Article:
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Purpose: To study the effect of simvastatin on behavioral performance in a rat model of autism, and its effect on hippocampal brain-derived BDNF-TrkB pathway.
Methods: Twelve rats with valproic acid (VPA)-induced autism were randomly divided into model group and simvastatin group, while six healthy rats served as normal control group. Rats in the simvastatin group received the drug (5 mg/kg) via i.p. route, while rats in model group and normal control group were injected with equivalent volume of normal saline in place of simvastatin. Capacity for interaction and repetitive stereotyped behavior, as well as results of Morris water maze test were determined for each group. The expressions of BDNF-TrkB proteins were assayed with immunoblotting.
Results: The frequencies of sniffing normal saline, alcohol and rat urine were significantly higher in model and simvastatin rats than in normal rats, but they were significantly lower in simvastatin-treated rats than in model rats (p < 0.05). There was higher duration of turning, jumping and grooming in the model group and simvastatin group than in the normal rats, but the duration was significantly reduced in simvastatin rats, relative to model rats. Escape latency times was significantly longer in model and simvastatin rats than in controls, but number of target quadrant crossings was significantly reduced. However, escape latency time was lower in simvastatin rats than in model rats, but number of target quadrant crossings was significantly higher. The model and simvastatin rats had down-regulated levels of BDNF and TrkB protein, relative to control rats, but there were markedly higher levels of these proteins in simvastatin-treated rats than in model rats.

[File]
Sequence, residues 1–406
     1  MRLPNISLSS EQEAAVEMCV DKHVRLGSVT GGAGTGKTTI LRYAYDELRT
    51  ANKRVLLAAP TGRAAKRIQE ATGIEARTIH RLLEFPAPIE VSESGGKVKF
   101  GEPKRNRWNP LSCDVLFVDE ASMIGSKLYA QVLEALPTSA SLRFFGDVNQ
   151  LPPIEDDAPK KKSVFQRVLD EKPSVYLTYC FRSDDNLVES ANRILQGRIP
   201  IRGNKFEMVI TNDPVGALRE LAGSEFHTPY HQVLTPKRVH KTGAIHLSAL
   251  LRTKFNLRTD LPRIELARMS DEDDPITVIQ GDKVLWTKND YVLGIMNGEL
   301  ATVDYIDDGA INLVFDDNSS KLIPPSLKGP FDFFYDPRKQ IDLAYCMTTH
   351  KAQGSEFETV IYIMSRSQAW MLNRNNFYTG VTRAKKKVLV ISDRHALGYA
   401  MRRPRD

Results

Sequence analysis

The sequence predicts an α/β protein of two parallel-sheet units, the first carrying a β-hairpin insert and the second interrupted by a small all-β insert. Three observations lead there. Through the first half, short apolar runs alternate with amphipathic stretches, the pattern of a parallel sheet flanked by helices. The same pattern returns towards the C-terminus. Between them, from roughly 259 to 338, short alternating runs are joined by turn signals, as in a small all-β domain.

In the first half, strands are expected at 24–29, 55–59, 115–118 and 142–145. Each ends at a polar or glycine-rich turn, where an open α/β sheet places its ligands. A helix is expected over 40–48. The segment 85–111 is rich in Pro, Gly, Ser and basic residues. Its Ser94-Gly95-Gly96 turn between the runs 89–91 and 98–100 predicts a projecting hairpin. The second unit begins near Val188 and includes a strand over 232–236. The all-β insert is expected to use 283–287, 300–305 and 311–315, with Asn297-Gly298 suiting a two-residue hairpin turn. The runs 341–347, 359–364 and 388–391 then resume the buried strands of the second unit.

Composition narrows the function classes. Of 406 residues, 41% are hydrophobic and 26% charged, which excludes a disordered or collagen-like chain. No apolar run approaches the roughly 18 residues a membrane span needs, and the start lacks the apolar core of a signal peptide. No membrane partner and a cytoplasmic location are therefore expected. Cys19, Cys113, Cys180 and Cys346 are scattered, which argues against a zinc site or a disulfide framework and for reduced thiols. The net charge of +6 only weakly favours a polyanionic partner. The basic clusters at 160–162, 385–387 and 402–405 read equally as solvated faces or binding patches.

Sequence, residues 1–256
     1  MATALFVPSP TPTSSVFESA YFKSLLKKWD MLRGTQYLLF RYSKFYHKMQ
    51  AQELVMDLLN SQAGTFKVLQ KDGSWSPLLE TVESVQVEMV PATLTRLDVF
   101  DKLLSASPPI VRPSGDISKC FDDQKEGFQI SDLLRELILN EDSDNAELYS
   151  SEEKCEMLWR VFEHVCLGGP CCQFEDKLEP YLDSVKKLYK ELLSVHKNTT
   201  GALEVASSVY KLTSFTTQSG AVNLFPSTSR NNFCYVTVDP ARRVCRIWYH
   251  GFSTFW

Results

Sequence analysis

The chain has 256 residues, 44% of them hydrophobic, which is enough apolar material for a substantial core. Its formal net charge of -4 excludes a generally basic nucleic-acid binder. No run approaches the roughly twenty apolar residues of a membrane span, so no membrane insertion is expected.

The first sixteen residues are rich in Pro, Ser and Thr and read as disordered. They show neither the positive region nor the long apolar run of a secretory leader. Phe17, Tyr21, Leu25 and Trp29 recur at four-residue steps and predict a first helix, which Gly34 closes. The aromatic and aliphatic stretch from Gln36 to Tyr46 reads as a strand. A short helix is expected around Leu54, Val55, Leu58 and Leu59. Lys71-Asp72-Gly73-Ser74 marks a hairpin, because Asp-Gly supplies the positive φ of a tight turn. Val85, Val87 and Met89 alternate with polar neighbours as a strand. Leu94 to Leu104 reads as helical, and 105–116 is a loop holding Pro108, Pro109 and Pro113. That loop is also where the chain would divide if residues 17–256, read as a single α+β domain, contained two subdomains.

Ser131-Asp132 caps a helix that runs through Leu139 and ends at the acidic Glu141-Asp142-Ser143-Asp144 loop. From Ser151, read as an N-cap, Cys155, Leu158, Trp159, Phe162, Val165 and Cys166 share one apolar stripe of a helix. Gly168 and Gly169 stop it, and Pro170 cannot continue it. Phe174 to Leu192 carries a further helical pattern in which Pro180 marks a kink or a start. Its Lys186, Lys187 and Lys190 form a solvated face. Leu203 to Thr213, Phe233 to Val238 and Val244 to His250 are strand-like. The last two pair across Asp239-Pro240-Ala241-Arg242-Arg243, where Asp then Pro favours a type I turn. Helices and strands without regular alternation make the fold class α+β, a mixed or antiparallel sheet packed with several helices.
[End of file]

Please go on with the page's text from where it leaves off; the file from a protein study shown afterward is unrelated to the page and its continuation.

Conclusion: Simvastatin improves the behavioral performance of autistic rats by regulating BDNF/TrkB signal axis. This finding may be useful in the development of new drugs for treating autism.